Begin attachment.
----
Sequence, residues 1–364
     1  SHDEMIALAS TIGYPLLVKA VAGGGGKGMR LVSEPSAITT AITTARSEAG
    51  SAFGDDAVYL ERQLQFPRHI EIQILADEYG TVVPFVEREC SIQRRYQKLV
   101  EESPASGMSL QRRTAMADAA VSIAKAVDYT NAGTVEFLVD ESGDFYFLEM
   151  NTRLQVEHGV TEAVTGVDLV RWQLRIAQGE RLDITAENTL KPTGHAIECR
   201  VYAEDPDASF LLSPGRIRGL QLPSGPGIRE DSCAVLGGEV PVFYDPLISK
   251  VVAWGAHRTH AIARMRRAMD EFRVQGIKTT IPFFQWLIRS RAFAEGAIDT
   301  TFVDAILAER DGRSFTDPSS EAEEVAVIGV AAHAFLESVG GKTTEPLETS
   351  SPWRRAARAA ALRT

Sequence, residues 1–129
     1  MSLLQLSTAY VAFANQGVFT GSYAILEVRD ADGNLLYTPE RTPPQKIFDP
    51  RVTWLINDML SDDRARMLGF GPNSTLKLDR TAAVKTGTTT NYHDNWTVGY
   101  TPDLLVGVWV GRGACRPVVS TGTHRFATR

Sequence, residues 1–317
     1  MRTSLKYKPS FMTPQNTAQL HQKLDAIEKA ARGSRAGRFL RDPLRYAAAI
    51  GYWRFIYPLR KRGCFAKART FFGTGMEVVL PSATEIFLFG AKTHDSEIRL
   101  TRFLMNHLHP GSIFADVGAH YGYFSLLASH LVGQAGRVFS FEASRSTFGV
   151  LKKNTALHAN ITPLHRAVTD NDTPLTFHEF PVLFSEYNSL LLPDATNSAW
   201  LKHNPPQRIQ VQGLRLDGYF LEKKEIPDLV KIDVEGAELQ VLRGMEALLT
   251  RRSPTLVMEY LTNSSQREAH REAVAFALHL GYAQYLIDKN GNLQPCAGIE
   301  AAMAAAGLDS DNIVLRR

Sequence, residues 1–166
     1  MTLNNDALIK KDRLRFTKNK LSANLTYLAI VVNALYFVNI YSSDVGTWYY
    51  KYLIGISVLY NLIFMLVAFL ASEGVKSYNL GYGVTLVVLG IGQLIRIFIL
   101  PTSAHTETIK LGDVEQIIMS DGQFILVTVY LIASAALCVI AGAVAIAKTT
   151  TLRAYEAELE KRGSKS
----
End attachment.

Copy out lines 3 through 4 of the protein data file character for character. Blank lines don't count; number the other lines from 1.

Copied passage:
    51  SAFGDDAVYL ERQLQFPRHI EIQILADEYG TVVPFVEREC SIQRRYQKLV
   101  EESPASGMSL QRRTAMADAA VSIAKAVDYT NAGTVEFLVD ESGDFYFLEM